“Catherine Earnshaw, may you not rest as long as I am living. You said I killed you--haunt me then. Be with me always--take any form--drive me mad. Only do not leave me in this abyss, where I cannot find you! Oh, God! It is unutterable! I cannot live without my life! I cannot live without my soul!”~Heathcliff
Oh, the bittersweet pain of it all. I could so easily let myself be consumed by the lovely and ridiculous drama, and just cry. Cry now as I did years ago, and as I will years from now. The words are excruciating. It’s as if Emily Brontë reached inside me, ripped out my heart, threw it on the floor, and stomped on it. And I love her for it.
I’m not perfectly sure when I first read the story of Cathy and Heathcliff - and Wuthering Heights. I want to say I was in the eighth grade, home from school, sick in bed – or I was acting like I was sick. No, no, I was sick, because now I remember my mother bringing me some cold green grapes, to cool my fever. Perhaps it was the fever that caused my heart to burn for those insanely driven, torn-up, lovesick fools.
Reading Wuthering Heights was a turning point for me. It’s when I came to the realization that deep down (and I can admit it now) I crave stories about tormented, passionate, and unrequited love. Love that exists, yet can never be. Love that, with a single touch, can lift you into the clouds, or with a single word, slam you back down to the ground, causing you to ‘take to the bed’ for days, maybe weeks. Love that is without pride...Heathcliff:
"I want to crawl to her feet, whimper to be forgiven... for loving me. For needing her more than my own life... for belonging to her more than my own soul.
Yes, I remember reading, while eating my green grapes, peeling each one with my teeth, before devouring them whole, never taking my eyes off the pages. I was taken in. I remember now. It was crazy love. Crazy!Heathcliff:Oh you beautiful, beautiful fools.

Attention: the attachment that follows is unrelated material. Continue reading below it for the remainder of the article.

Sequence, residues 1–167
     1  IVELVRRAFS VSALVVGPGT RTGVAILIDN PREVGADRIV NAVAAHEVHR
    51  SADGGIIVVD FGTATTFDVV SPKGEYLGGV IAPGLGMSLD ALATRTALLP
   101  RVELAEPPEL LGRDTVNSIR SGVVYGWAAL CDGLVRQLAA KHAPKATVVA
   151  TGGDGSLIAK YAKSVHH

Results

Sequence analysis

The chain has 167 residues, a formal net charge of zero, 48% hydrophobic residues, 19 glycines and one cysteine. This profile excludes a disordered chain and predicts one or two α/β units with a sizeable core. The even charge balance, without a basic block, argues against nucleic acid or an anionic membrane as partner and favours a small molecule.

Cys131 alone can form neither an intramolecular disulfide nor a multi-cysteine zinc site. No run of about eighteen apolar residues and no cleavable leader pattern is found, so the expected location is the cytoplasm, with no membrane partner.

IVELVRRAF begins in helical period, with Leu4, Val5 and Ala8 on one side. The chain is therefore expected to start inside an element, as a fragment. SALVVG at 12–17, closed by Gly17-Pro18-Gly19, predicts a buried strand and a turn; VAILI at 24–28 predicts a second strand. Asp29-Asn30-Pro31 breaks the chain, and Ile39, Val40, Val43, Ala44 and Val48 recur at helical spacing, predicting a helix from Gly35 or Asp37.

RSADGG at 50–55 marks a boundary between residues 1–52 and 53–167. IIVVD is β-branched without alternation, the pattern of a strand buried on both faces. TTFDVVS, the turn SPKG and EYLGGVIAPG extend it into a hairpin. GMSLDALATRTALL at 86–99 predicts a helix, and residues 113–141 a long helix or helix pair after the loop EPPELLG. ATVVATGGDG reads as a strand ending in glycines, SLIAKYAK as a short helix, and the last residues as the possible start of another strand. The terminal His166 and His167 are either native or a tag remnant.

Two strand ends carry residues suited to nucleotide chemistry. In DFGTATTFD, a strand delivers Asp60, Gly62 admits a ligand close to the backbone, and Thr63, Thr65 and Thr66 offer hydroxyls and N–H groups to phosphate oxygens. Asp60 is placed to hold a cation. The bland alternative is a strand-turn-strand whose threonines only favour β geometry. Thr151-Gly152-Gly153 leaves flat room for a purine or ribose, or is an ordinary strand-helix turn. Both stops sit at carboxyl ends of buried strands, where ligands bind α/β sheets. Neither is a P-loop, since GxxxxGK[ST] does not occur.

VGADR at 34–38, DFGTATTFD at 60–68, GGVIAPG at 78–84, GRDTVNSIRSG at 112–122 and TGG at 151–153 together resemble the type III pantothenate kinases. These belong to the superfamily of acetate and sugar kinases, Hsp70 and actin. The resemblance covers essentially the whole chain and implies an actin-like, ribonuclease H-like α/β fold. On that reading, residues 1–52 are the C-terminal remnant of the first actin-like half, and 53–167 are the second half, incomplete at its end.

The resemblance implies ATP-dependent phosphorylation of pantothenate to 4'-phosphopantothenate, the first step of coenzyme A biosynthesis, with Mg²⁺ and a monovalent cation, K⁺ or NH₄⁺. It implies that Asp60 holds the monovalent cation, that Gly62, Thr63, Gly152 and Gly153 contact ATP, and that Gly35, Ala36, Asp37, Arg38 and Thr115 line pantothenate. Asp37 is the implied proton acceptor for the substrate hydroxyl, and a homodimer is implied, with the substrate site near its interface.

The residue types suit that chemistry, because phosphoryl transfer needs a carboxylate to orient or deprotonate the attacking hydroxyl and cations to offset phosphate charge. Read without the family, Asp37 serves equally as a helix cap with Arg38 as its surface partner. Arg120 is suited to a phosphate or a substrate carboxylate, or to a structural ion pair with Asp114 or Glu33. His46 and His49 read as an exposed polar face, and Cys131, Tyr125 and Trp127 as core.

"If he loved you with all the power of his soul for a whole lifetime he couldn't love you as much as I do in a single day."
Back and forth they would go, stepping all over themselves, leaving, coming home. Dying, yet never living, and never letting go. Why did they do that? Why couldn't they just be happy?Cathy:I can’t write about the book, without mentioning the movie (and there is only one movie as far as I'm concerned). To see/hear the words on screen and 'in person' - was almost too much for me to take in. The intensity between Cathy and Heathcliff, the way they would look at each other, and say hateful things, because they loved each other so much - it was a trick of the heart. Emily would be proud to see her young lovers on the screen, frolicking in fields of heather, naming their dreams, one by one, crushing those dreams, only to return to the same Wuthering Heights in the end. For that is where their souls were born, and that is where they would die.
"Go on, Heathcliff. Run away. Bring me back the world." (Don't do it, Heathcliff! She doesn't know what she's saying - stay!)
I became obsessed with the story, and then after seeing the 1939 film with Lawrence Oliver and Merle Oberon, I was toast - hooked for life. I could see myself in both Cathy and Heathcliff. I wanted to hang out with them, be like them - be them, yet shuddered to think it.In the final scene when Heathcliff hears of Cathy’s grave illness, runs to her bedside only to have her die in his arms, of a broken heart – well I have to gear up for that scene, for it will be the best cry I’ll have all year. I don’t know why Wuthering Heights makes me feel so co-dependent. Only Emily Brontë can remove the spell. And she’s just not going to do it. And I’m glad.
Emily Bronte, Author
Scenes With My Favorite Quotes Cathy: Are you enjoying yourself, Heathcliff?
Heathcliff: I've had the pleasure of watching you.
Cathy: You're very grand, Heathcliff. So handsome. Looking at you tonight I could not help but remember how things used to be.
Heathcliff: They used to be better.
Cathy: Don't pretend life hasn't improved for you.
Heathcliff: Life has ended for me.
[they pause and look off the balcony in silence]
Heathcliff: How can you stand here beside me and pretend not to remember? Not to know that my heart is breaking for you? That your face is the wonderful light burning in all this darkness?
Cathy: Heathcliff, no. I forbid it.
Heathcliff: Do you forbid what your heart is saying to you now?
Cathy: It's saying nothing.
Heathcliff: I can hear it louder than the music. Oh, Cathy. Cathy.
Cathy: I'm not the Cathy that was. Can you understand that? I'm somebody else. I'm another man's wife, and he loves me. And I love him.
Heathcliff: If he loved you with all the power of his soul for a whole lifetime he couldn't love you as much as I do in a single day. Not he. Not the world. Not even you, Cathy, can come between us.
Cathy: Heathcliff, you must go away. You must leave this house and never come back to it. I never want to see your face again or listen to your voice again as long as I live.
Heathcliff: You lie! Why do you think I'm here tonight? Because you willed it. You willed me here across the sea.
Heathcliff: My tears don't love you, Cathy. They blight and curse and damn you!
Cathy: Heathcliff, don't break my heart.
Heathcliff: Oh Cathy, I never broke your heart. You broke it! And with it you broke mine.